Some experiences are so well entrenched in the psyche, under so many layers that it’s hard to forget them. It’s hard to let go of that feeling, let go of hating that small part of yourself, which was scared and still is, hard to forgive that coward child who could not stand up for herself.

I guess she has healed enough, and healing anymore is not possible, and she has accepted that. This is who she is, more aware, more cautious, somewhat broken but stronger.

Harsha Mishra/YJI

Maybe she’ll avoid seeing a doctor for the rest of her life, maybe the child in her will always have nightmares, maybe it will be hard to trust, but she knows how something, significant or insignificant, can impact your life. She knows that people are a reflection of their past.

I wrote this entire piece in third person because I have always thought of this incident as something that happened to someone I knew, like a movie playing in front of my eyes.

But after reading some of the experiences of my fellow writers in the No one is safe project, I guess it’s time now to let it out in the open, to accept that this was a fragment of my past.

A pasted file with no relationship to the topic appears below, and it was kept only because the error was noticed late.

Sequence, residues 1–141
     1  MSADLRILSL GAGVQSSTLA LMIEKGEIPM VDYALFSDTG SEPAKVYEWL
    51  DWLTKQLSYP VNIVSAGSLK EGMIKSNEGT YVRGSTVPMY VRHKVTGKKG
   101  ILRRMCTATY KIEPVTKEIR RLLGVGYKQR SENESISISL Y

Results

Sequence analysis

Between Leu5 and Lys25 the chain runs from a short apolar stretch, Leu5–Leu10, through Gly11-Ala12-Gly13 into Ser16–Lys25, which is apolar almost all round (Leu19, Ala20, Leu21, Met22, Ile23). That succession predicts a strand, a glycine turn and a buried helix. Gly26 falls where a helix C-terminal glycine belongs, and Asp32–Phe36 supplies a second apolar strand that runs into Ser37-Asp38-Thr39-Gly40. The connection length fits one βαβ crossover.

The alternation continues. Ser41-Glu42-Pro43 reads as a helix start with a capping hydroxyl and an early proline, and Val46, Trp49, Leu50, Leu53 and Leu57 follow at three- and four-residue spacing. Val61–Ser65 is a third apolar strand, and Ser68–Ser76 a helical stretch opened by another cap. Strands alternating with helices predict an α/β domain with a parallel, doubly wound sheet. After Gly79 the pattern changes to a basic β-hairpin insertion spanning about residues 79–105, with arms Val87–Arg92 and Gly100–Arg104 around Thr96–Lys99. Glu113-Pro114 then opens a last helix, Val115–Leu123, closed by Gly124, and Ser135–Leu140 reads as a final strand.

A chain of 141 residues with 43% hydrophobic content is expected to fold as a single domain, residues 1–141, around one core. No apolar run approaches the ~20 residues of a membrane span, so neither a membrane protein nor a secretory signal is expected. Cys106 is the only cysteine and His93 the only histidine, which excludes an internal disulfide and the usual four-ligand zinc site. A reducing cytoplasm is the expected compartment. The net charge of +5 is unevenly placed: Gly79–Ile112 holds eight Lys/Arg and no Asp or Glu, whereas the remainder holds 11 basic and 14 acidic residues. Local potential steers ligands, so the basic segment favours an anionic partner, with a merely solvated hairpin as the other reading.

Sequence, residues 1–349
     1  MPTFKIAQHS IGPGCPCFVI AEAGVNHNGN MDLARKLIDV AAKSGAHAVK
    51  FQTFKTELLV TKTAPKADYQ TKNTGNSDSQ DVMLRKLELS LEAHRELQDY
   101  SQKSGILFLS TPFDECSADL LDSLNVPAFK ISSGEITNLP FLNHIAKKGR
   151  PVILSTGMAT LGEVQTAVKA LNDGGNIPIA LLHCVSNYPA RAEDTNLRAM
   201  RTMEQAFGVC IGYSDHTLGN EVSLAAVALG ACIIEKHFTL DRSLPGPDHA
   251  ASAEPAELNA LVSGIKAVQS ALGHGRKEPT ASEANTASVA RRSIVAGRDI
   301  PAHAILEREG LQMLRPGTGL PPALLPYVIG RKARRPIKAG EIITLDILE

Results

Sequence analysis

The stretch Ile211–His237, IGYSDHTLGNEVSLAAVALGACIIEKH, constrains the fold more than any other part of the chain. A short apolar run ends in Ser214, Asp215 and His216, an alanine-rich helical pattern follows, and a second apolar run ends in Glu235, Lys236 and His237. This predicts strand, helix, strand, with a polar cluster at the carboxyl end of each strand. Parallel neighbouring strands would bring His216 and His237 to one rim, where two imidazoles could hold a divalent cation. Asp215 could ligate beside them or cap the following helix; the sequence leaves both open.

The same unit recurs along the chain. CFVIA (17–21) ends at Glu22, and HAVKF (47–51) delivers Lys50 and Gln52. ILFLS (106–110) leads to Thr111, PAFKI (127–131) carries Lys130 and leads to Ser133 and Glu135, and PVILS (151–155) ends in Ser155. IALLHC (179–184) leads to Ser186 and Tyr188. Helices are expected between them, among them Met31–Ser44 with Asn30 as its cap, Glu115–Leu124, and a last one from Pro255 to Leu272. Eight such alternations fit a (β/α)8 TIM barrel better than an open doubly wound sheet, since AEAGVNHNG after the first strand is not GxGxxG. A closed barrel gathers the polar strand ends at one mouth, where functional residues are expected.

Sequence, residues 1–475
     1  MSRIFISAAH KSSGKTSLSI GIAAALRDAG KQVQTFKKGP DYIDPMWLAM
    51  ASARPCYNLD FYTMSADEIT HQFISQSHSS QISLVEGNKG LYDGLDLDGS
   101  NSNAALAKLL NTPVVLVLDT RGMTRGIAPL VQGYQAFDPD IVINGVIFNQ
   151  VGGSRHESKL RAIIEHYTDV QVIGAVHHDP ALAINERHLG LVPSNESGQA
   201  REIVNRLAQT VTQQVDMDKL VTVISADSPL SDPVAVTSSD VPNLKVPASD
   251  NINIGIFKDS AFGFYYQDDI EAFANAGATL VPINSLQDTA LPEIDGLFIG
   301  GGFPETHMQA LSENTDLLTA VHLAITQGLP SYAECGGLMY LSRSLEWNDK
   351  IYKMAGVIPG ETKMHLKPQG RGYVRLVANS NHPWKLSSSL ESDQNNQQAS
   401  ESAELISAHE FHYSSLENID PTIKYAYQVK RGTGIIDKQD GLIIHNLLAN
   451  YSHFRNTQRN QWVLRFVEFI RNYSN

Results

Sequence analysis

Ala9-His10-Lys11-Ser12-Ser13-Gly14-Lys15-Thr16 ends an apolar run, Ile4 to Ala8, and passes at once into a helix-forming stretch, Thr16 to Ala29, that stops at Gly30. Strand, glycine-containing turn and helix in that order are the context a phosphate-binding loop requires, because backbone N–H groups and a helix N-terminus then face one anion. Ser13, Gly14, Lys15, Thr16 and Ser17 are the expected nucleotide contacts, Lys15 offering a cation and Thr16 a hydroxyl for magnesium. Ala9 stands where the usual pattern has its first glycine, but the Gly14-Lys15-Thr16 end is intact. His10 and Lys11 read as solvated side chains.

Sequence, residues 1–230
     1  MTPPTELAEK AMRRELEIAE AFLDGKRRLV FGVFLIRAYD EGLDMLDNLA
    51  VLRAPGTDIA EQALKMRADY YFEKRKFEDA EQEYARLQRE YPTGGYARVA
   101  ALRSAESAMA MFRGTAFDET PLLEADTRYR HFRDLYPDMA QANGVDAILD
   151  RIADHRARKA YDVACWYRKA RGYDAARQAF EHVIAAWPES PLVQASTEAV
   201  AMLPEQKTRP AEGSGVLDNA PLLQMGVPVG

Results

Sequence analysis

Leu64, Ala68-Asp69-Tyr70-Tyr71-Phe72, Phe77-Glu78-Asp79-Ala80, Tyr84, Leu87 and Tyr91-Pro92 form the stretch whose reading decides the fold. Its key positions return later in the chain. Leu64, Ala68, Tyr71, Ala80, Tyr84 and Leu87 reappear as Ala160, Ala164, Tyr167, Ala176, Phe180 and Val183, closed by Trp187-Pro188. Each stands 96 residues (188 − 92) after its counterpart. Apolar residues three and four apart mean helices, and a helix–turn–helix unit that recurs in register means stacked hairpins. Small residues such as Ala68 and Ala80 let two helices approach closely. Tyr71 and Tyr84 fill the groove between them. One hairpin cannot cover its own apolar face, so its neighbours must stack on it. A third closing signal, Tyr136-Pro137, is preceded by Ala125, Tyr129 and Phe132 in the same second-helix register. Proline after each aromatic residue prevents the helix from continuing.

Also, I hope this story will give another child the courage to accept what happened and speak up at the right time, the way I never did.

I hope that any parent reading this story is aware enough to notice a change in their child’s behavior and find a way to communicate.

I hope that this story makes people more sensitive towards the experiences that someone has had and accept them for who they are.

Harsha Mishra is an alum of Youth Journalism International. She participated as a student from 2008 to 2015. After reading YJI’s “No one is safe” project on sexual assault, she was moved to write this essay. She also made the drawing of the girl inset in the text.

Parnian Shahsavary is currently a Reporter and Senior Illustrator with Youth Journalism International. She drew the cover illustration to complement Harsha’s essay.

This article is an epilogue to Youth Journalism International’s No one is safe project about sexual assault around the world. The project was published in five parts of six articles each in late November and Nov. 29, 2021.

Click on the image below to see the entire project: